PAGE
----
PHILADELPHIA -- The Philadelphia 76ers are expected to be without center Andrew Bynum, their prize offseason acquisition, when they open the 2012-13 season Wednesday against a Denver Nuggets team featuring former 76ers' All-Star Andre Iguodala.
Bynum, acquired in August from the Lakers in a four-team trade, is bothered by chronic knee soreness.
The Sixers nonetheless appear to have a leg to stand on. Including Bynum, they have eight new players on their 14-man roster, and appear to be deeper and more explosive than a year ago, when they lost in seven games to the Boston Celtics in the Eastern Conference semifinals.
The Sixers went 6-1 in the preseason, and sixth-year forward Thaddeus Young, who has been with the team longer than any other player, said this is "definitely" the most talented roster he's been part of in his NBA career.
"We have a great center," Young said. "We have very good scoring wings that can shoot the basketball -- shoot the cover off the ball -- and we've got guys that can get out there and run the court. And we've got aggressors -- guys that are going to go out there, match you pound for pound, rebound the basketball and just defend."
Now it's a matter of everyone accepting his role.
"That's the toughest part," Young said.
As coach Doug Collins said, "We have to be two different teams. We have to be one with Andrew Bynum, and one without. We're figuring out right now who we are without him. We think we can do some good things. ... I like the strides that we've made. When Andrew comes back, we've got to be able to plug him in there, and know who we are with him."
Bynum, 25, had career-high averages of 18.7 points and 11.8 rebounds last year with the Lakers. But on Sept. 15 he had a non-invasive procedure performed on both knees in Germany, and on Oct. 22 he had a joint lubricant injected into his right knee. He did not play at all in the preseason, and it is not known when he will be available. The Sixers have said only that they will err on the side of caution.
"He's a big investment for our team," general manager Tony DiLeo said recently. "We want to be cautious. We just have to talk to Andrew every day and see how he's feeling. When he is pain-free, that's when he will start basketball activities."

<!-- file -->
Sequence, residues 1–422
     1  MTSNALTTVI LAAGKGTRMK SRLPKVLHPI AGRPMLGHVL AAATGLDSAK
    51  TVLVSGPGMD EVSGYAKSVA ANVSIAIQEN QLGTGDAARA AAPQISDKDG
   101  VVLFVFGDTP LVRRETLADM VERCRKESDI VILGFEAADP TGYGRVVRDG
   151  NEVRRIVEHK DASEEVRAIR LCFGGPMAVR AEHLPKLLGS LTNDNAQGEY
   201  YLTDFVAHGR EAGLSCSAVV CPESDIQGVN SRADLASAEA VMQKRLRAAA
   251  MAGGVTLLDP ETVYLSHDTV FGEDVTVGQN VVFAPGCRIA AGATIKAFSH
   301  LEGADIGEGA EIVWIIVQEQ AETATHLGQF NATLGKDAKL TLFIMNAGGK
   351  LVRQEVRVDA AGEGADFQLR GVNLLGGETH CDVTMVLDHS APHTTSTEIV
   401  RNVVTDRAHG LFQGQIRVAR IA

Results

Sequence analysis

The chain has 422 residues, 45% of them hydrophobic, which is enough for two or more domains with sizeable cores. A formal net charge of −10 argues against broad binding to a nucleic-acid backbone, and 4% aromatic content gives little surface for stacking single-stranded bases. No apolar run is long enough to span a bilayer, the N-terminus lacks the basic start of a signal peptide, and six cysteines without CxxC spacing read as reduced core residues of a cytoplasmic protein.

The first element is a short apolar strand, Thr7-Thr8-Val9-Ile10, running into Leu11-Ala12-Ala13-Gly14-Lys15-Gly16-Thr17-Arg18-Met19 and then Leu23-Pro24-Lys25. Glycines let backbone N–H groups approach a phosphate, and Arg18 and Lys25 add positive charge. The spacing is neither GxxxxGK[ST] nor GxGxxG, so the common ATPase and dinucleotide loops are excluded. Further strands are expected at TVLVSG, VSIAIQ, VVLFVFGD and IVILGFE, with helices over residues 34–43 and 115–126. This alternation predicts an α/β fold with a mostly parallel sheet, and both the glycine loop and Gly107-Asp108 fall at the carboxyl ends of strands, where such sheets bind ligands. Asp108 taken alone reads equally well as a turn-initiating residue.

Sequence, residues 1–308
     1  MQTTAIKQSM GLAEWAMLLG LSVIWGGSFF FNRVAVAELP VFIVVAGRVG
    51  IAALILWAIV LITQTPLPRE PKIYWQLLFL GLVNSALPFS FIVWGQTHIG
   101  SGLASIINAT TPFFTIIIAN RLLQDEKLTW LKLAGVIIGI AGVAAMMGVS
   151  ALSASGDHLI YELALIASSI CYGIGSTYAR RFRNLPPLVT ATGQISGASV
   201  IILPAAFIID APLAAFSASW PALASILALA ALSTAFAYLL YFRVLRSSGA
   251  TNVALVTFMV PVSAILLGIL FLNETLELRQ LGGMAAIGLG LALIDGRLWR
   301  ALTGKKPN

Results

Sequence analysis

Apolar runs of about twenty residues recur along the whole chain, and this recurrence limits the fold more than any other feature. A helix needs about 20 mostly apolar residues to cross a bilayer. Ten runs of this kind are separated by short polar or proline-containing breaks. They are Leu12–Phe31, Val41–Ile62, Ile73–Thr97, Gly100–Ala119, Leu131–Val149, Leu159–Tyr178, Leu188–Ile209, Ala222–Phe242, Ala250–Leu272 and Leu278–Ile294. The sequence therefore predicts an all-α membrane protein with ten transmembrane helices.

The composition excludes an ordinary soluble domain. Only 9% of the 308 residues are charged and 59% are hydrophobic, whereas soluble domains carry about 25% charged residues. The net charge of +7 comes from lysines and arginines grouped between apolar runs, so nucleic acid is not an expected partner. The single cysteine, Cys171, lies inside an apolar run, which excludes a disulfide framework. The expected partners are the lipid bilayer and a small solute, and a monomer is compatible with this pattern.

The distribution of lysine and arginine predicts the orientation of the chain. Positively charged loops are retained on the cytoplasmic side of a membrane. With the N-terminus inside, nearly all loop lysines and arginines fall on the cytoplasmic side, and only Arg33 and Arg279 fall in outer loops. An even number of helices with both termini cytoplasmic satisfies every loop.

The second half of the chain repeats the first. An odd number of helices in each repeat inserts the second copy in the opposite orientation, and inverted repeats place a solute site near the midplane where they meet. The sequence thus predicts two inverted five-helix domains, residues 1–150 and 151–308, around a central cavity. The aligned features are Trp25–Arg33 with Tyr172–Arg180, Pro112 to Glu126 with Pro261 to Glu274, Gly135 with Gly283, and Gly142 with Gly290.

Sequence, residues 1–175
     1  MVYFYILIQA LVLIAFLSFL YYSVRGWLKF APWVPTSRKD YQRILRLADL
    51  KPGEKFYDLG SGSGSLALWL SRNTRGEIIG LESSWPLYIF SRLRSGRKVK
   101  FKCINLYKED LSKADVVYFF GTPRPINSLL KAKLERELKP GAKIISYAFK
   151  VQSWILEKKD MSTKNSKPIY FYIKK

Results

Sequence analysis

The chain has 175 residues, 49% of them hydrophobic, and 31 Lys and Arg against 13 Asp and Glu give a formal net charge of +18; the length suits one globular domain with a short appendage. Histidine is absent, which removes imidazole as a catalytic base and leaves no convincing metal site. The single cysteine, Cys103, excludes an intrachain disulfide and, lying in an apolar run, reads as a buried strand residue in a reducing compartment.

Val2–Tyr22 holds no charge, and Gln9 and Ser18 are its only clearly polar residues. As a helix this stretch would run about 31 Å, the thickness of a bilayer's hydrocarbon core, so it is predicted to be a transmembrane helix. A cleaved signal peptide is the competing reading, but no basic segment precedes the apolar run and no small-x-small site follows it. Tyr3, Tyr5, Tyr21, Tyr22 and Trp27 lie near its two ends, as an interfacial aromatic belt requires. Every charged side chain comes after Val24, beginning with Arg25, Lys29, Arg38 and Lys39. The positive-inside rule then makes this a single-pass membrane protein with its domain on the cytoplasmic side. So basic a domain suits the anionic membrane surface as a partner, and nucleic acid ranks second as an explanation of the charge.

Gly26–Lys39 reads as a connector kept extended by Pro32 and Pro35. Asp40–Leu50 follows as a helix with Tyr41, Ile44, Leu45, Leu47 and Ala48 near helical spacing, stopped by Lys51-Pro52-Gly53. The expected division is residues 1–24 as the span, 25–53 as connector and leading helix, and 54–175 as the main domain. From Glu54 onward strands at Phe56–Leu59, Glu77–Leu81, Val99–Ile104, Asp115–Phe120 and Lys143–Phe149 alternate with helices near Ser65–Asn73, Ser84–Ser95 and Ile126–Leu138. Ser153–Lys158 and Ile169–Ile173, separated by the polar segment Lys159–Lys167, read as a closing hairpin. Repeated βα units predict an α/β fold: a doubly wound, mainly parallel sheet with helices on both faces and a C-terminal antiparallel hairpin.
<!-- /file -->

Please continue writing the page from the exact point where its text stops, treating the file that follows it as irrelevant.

Second-year man Lavoy Allen, who performed well in last year's playoffs, will start at center in Bynum's place, with Young and Evan Turner at forward and Jason Richardson and Jrue Holiday at guard. Collins has particularly high hopes for Holiday, who last year averaged 13.5 points and 4.5 assists. He will be asked to fill the leadership void left by the departure of Iguodala and fellow veterans Elton Brand and Lou Williams.
The bench, which includes Spencer Hawes and new acquisitions Dorell Wright and Nick Young, is again expected to be a strength. Maalik Wayns, an undrafted rookie point guard from Villanova, also figures to contribute after a strong preseason.
"We think we have guys that can all come in and play," Collins said.
Now it's just a question of when Bynum can get on the court, and how much he will be able to contribute.
"I think they'll be pretty happy with Andrew," Cleveland Cavaliers coach Byron Scott said during the preseason. "He's arguably one of the best centers in this league -- top one or two, when you look at it. I've always thought of him being right there with (the Lakers') Dwight Howard. The only difference is, he's not the defensive player that Dwight is, but he's probably a better offensive player.
"If he's healthy and he wants to play, he can be a monster. That gives them a different element they haven't had here the last few years -- a guy you can throw the ball to in the post when the game is on the line and can deliver."